More medical device companies have been using an alternative pathway to get innovative products on the market faster, but a new user fee on industry could affect the use of this pathway.
The “de novo” classification pathway has been used to get devices on the U.S. market such as Accelerate Diagnostics Inc.’s PhenoTest BC Kit, the first test to identify organisms that cause bloodstream infections and provide information on the correct antibiotics for treatment. De novo is a way to get products on the market without going through the Food and Drug Administration’s most stringent review process, known as premarket approval.
However, if companies have to pay a new fee that is seen as relatively burdensome, it could dissuade applicants from seeking de novo classification, though not all sources contacted by Bloomberg BNA see this as a major concern.
There’s no current user fee on de novo, but that’s expected to change by the start of the next fiscal year in Oct. 1.
De novo is designed to accommodate novel devices that aren’t like a “predicate” device on the market. Most devices reach the U.S. market by a premarket notification or 510(k) submission, based on a predicate already on the market. As the FDA website notes, once a device gets a lower or moderate risk classification under de novo, it can be used as a predicate for someone else’s 510(k).
A de novo submission is a premarket request for the FDA to classify a novel device into class I (lowest risk) or class II (moderate risk). Receiving the class I or class II classifications means the devices aren’t subject to the most stringent FDA review process, premarket approval (PMA), which is for the highest-risk category, class III. A PMA must contain sufficient valid scientific evidence to assure that the device is safe and effective for its intended use.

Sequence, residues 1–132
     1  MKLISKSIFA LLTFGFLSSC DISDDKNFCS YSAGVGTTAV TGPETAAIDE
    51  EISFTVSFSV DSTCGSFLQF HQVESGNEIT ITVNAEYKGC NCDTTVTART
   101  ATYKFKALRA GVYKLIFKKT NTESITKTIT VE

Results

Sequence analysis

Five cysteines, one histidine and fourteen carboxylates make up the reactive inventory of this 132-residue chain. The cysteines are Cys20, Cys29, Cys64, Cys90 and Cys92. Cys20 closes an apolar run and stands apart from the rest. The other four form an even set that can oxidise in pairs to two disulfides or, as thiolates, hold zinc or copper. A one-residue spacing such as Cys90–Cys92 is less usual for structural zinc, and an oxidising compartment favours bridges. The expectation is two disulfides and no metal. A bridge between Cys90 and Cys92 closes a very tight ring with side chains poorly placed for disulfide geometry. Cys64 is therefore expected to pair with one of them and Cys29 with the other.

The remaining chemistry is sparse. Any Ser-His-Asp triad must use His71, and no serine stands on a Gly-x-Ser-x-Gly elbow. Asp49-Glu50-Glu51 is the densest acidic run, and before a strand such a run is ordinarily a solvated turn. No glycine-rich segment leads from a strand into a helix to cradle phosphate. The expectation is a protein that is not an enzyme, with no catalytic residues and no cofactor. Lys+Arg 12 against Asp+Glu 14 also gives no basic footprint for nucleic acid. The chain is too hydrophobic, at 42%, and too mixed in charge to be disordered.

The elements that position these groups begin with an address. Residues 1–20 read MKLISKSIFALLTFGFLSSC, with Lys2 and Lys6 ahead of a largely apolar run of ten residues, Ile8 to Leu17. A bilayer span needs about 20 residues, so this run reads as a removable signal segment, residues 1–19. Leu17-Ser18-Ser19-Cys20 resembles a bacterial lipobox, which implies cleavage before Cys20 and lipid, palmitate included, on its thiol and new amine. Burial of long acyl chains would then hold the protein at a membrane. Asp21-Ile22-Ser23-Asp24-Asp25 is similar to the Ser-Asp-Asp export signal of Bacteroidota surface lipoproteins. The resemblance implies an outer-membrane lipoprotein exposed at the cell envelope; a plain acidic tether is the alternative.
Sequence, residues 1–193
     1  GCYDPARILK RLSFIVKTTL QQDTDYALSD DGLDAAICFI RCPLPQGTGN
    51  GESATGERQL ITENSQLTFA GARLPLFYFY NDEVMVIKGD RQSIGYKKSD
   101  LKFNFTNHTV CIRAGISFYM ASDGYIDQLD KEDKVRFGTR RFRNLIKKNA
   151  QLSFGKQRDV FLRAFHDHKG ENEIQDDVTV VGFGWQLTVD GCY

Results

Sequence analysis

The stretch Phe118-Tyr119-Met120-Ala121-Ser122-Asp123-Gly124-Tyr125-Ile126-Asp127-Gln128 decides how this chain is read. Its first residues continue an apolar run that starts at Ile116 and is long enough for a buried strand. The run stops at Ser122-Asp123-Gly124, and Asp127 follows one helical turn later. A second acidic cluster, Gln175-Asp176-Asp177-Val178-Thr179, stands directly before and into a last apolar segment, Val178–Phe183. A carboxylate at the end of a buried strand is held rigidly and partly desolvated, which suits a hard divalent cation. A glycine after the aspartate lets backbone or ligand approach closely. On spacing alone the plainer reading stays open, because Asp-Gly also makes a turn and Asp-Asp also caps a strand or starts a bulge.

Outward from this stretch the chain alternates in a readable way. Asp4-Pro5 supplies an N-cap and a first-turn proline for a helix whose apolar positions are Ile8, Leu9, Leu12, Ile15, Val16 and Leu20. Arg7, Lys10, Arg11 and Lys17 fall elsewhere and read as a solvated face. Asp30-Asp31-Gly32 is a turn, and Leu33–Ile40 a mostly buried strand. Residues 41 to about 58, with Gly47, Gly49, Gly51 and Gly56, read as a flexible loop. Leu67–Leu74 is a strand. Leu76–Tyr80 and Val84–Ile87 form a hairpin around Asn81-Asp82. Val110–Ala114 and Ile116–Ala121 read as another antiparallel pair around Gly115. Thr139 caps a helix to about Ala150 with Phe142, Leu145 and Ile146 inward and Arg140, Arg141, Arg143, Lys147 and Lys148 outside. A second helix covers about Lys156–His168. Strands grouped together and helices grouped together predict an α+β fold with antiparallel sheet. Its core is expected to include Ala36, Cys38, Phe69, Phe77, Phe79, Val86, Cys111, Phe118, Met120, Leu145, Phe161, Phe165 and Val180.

As health-care attorney Bethany J. Hills told Bloomberg BNA, “PMAs are very extensive, they have lots of clinical data and they’re very expensive.” Hills is with Mintz Levin in New York.
Fee, Commitment From FDA
Because the new user fee comes with an FDA commitment to speed up review times, it could make the pathway more attractive. But the National Center for Health Research, a Washington-based nonprofit, said it’s concerned that the de novo pathway could cause safety issues since it doesn’t require the same scientific evidence as a PMA.
The de novo pathway was created in 1997, but the pathway was modified by the Food and Drug Administration Safety and Innovation Act of 2012 (FDASIA). Prior to FDASIA, before manufacturers could submit a de novo, they first had to submit a premarket notification or 510(k), to get an FDA determination on whether the device was not substantially equivalent (NSE) to any legally marketed predicate devices.
Under FDASIA, sponsors can submit de novos without a preceding 510(k), and the use of de novos has increased since 2012. […]
Diana Zuckerman, president of the National Center for Health Research, a Washington-based nonprofit, told Bloomberg BNA in a June 5 email her group is concerned about possible safety issues with the de novo pathway.
“We are concerned about de novo because we do not know what evidence the FDA is requiring, we only know they are not usually requiring clinical trials. We think that all de novo devices should be required to be proven safe and effective based on scientific evidence,” Zuckerman said.
Read the original article here.